First published: June 18, 2005
Public opinion surveys are warning us about the decline in public trust. The full extent of the implications of this trend is not clear, but if there is any hope for our future, efforts must be made to stem the tide. Without trust, we cannot function as a society, a community or as individuals.
Sure, this is a sweeping topic for a newspaper column and maybe better placed in an academic essay. But, it is terribly relevant right now. The recent Cobourg police investigation into allegations surrounding a mattress store defrauding customers is merely the latest in a long laundry list of incidents eroding the trust of Northumberland County residents.
While many businesses pride themselves on working hard to hold on to their customer’s trust, it only takes one bad apple to hurt so many reputations. For established enterprises, it is easier to weather this damaging behaviour, but for newer entrepreneurs, customers become wary.
The Conference Board of Canada recently released a major study examining the declining public trust toward organizations and public institutions. A 2005 survey of Canadian found only 16 per cent of the population felt senior business executives were credible sources of information about their companies.
But that is not the only failure witnessed in the past few weeks. The debacle in parliament during the sickening debate over the confidence vote on the nation’s budget was an all time low.
CBC and Environics released a joint poll saying 65 per cent of Canadians have little or no trust in Canada’s political leaders.
Even locally, municipal politicians are failing us. The incredible mismanagement of the Shopper’s Drug Mart-Mr. Sub redevelopment has escalated into a divisive debate because Cobourg council failed to follow its own Heritage District Guidelines for the downtown, allowing exceptions without clear justifications.
But this follows on the heels of a litany of questionable actions. The pay raises to council were another breech of public trust as councillors greedily voted themselves a pay hike after the town budget was passed and during the current tenure, rather than waiting until the next municipal election. It appears to taxpayer the councillors were lining their own pockets rather than getting a deserved increase for the job.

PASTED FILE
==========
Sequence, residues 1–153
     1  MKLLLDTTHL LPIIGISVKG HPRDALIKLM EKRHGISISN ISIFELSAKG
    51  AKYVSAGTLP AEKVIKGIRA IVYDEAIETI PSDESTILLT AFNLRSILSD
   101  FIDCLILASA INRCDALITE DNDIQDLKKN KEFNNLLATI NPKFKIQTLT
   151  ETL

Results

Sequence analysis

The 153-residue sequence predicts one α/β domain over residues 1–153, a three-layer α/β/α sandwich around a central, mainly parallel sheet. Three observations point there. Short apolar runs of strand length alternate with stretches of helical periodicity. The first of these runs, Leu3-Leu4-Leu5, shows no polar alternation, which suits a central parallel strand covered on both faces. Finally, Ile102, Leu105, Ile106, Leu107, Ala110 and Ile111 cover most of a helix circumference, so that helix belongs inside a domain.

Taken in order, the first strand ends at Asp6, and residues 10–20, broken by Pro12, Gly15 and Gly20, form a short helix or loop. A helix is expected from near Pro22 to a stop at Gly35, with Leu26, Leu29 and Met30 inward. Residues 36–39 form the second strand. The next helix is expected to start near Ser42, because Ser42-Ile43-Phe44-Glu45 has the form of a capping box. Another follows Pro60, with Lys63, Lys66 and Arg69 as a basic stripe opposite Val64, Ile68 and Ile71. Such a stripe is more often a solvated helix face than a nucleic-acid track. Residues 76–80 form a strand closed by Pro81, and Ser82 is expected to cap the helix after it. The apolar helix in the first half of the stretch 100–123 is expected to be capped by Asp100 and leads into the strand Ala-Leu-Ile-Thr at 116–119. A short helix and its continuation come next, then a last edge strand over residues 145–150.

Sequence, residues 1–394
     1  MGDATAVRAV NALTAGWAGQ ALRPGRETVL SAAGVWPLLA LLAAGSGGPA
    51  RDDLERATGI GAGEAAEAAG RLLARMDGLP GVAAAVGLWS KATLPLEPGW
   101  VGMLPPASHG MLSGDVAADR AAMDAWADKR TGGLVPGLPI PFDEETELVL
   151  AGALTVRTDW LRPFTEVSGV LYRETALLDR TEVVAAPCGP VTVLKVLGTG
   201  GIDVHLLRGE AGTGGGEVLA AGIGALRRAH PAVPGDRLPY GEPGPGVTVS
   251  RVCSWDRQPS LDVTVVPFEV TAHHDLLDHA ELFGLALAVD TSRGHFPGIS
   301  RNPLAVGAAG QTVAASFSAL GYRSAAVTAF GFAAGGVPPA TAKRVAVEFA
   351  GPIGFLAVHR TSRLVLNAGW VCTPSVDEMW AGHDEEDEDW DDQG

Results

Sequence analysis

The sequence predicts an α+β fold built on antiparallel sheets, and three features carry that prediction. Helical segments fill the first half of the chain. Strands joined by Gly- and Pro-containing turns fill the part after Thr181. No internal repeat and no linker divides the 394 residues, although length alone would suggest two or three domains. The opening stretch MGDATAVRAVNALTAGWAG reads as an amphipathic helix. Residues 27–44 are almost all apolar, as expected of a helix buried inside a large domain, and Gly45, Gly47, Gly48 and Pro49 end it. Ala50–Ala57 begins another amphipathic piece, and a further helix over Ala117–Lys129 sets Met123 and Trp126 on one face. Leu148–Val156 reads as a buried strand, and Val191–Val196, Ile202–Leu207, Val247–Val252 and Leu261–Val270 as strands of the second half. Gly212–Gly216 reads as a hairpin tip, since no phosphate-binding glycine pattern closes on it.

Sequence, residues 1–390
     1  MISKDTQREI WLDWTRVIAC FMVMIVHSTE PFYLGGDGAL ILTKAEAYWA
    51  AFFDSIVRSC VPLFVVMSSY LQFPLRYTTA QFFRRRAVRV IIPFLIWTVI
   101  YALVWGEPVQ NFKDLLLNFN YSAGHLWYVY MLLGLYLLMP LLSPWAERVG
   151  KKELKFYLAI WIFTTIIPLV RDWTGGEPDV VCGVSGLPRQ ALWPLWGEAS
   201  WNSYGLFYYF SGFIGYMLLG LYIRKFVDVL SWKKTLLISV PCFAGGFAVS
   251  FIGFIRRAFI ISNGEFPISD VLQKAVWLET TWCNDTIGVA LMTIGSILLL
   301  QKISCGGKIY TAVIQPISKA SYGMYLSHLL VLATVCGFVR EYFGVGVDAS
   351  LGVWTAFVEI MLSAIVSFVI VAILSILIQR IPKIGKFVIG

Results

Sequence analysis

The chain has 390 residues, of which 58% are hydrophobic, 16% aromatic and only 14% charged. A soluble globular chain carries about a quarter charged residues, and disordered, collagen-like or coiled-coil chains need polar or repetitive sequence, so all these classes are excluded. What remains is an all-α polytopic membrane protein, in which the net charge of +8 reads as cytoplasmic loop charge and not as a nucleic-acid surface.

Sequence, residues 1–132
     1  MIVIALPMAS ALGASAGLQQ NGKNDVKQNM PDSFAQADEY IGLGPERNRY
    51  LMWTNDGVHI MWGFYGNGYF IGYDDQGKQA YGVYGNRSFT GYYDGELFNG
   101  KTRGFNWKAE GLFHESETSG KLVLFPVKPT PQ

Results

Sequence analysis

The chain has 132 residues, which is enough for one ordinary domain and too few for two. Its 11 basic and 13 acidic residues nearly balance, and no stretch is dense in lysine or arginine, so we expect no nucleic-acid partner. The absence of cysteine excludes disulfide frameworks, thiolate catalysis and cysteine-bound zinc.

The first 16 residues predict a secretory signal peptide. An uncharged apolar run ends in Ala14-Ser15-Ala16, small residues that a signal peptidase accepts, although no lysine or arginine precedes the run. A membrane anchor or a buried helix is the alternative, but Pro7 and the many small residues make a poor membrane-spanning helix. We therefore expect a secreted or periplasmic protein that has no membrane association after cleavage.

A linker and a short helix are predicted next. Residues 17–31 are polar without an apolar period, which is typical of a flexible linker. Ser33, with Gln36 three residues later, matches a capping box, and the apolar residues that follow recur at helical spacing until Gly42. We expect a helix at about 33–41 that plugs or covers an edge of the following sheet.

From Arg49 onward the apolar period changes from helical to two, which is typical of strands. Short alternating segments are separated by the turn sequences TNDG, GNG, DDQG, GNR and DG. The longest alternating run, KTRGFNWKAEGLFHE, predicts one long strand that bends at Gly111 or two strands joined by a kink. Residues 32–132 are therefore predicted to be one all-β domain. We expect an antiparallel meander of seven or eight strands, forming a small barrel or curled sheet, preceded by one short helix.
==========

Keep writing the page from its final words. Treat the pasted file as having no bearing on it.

Cobourg is not alone. There are many in Port Hope who would not describe its council as trustworthy. Just ask anyone who has watched council’s treatment of Families Against Radiation Exposure or the revisions to the sign bylaw to note where its politicians have done little to hold the public’s trust.
What is euqlly disturbing is the efforts to undermine citizen’s trust of those who speak out. The manner in which municipal politicians so easily dismiss individuals or groups who challenge them. Appear more than once before a committee or council meeting and get branded as a kook or worse for merely holding strong convictions or questioning those in power.
The result of these actions was clearly demonstrated a few months ago during a Cobourg council meeting in April. Deputy Mayor Bob Spooner was acting chair when a group of young people called on politicians to pass an anti-pesticide bylaw. The group called the GIC Revolution Youth Network staged an impromptu demonstration. Attempts to silence them failed, leaving Spooner no choice but to shut down the meeting.
While some may call this action by the young people disrespectful, it is the kind of anarchy generated when the available channels of local government fail. Citizens are left with fewer and fewer options to be heard and they no longer trust the system to work in their favour.
Without trust we cannot work together, period. Every relationship, family, friends, business and politics – whatever – depends of some level of faith in each other not do harm. It is not only a core value of social relationships, but of organizations and institutions.
For 25 years, neo-conservative values have trashed the public’s trust as callous selfishness, greed, and power replaced our commitment to protect one another and act in good faith with each other. Our social contract was breached. Business and government stopped caring about people to a point where one could not tell them apart.
The rise of public trust as a discussion topic is a theme to watch over the upcoming months. The Conference Board of Canada is only the first of many policy discussions. The American Journalism and Mass Communications Educators conference in Texas this summer is about trust and credibility in the media. (A topic deserving its own column).
Holding council meeting in Northumberland Mall is a public relations fiasco at best and doesn’t make up for the need for integrity, transparency and accountability enabling the restoration of public trust. Politicians and businesses, which fail to heed this warning, do so at their own peril. Citizens who fail to demand it must equally shoulder the blame.